Randall S Peterson
Professor of Organisational Behaviour
We asked some of London Business School’s (LBS) faculty what the future looks like for British business. What are the challenges facing today’s business leaders and what can we do now to protect Britain’s interests as we head at ever-increasing speed into tomorrow’s world?
The old top-down model of leadership is dead. Carry on that way and you’re surely on the path to extinction also. Research funded by the Leadership Institute at LBS is yielding some clear indicators of what type of leaders are more successful in an era of instability and fast change, says Randall S Peterson, Academic Director of the Leadership Institute and Professor of Organisational Behaviour at London Business School (LBS).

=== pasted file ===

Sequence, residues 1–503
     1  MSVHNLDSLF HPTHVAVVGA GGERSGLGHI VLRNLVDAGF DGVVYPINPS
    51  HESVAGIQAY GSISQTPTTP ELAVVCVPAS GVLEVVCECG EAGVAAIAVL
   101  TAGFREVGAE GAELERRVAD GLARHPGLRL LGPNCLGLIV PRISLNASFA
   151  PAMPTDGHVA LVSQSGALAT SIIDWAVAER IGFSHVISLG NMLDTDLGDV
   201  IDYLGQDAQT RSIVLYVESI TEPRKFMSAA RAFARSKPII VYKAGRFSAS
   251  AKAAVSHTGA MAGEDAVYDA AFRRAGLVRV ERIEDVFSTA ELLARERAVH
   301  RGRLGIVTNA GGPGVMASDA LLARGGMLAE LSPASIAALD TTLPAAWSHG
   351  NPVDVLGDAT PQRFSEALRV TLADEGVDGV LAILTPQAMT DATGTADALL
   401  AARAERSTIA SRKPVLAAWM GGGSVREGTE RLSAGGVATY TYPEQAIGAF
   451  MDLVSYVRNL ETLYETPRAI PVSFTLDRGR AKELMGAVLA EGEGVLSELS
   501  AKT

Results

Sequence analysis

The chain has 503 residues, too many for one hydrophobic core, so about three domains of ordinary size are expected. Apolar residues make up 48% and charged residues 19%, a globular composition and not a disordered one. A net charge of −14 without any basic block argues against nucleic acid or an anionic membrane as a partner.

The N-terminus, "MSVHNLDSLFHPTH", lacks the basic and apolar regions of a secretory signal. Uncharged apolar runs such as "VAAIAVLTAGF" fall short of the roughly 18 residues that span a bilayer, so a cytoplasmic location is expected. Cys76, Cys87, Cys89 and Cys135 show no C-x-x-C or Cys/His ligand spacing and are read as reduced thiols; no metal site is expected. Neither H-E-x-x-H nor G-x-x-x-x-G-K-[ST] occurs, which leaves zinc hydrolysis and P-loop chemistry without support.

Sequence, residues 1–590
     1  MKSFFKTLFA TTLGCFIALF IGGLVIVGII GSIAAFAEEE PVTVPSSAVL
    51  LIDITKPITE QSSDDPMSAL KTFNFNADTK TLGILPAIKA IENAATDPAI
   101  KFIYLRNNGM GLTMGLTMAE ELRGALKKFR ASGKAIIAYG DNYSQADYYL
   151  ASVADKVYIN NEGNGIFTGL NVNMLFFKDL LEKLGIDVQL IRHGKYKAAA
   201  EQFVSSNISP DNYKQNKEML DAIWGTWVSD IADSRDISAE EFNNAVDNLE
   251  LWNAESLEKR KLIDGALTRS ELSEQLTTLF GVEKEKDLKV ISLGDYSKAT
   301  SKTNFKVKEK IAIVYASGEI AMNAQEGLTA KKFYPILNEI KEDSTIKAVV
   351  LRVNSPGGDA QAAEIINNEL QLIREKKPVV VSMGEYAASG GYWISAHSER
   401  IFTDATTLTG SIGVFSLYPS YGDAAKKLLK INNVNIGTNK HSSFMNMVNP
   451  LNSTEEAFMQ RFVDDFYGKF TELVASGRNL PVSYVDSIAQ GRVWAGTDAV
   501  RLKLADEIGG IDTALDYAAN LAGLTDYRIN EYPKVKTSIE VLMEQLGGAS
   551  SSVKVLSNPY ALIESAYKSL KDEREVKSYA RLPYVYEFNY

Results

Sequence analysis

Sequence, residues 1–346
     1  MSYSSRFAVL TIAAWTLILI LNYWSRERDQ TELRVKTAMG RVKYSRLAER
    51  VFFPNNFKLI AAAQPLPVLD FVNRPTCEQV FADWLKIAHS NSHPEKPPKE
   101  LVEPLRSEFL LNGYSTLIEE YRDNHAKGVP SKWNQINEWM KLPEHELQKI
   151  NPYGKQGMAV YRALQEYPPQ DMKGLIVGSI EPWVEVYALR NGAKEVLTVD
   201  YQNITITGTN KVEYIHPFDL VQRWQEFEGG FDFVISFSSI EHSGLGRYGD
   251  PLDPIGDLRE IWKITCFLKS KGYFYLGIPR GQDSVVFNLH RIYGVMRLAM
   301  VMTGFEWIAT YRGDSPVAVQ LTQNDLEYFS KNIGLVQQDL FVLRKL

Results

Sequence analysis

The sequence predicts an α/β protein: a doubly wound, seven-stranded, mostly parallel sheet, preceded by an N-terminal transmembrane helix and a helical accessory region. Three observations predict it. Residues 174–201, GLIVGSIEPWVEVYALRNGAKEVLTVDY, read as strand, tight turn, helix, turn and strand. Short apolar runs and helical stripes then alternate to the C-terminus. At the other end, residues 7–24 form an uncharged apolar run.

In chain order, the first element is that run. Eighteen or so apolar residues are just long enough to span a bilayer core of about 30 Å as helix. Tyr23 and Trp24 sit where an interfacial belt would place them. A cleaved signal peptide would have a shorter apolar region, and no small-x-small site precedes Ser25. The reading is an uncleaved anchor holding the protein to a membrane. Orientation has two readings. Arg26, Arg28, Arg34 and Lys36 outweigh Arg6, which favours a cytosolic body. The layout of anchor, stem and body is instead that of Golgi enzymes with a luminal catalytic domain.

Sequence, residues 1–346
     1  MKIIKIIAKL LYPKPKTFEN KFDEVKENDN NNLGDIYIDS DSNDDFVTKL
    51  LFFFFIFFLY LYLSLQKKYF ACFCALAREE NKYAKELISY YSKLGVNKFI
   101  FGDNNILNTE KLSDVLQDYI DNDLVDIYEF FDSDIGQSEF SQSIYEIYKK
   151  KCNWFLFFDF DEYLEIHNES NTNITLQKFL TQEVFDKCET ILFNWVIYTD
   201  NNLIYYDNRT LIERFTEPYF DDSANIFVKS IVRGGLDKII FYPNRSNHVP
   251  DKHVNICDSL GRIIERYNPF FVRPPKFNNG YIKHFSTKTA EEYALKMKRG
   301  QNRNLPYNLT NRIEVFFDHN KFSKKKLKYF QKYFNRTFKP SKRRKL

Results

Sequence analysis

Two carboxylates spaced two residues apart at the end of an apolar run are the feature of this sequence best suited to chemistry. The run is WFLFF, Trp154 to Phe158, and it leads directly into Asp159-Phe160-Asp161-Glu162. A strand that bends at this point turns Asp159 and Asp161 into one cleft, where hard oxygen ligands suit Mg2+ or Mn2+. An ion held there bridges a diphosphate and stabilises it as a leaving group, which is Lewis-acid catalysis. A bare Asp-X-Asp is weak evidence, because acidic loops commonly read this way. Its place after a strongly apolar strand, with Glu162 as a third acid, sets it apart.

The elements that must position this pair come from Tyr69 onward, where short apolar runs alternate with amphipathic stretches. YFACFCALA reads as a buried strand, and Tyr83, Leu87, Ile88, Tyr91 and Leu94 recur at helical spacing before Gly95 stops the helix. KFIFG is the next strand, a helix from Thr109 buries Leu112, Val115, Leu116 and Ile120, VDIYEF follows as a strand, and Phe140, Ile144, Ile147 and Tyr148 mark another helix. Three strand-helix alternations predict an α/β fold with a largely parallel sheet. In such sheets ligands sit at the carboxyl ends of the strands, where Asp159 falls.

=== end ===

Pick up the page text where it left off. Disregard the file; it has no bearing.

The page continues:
“First and foremost, research by my colleagues Niro Sivanathan and Hemant Kakkar shows that people prefer strong and dominant leaders in times of uncertainty and economic difficulty. Importantly, though, this does not mean authoritarian. My own research on strong leaders shows that, in an era where social media gives customers an incredible voice, the strong leaders are those who listen well and tolerate criticism.
“Richard Jolly [Adjunct Professor of Organisational Behaviour] and myself have also shown that leaders tend to fail nowadays mostly because they do not develop their social capital. As organisations reduce hierarchy, when the gig economy becomes more pervasive and the knowledge economy dominates growth, leaders need to develop their network of relationships and be able to create action without the benefit of hierarchical authority over others.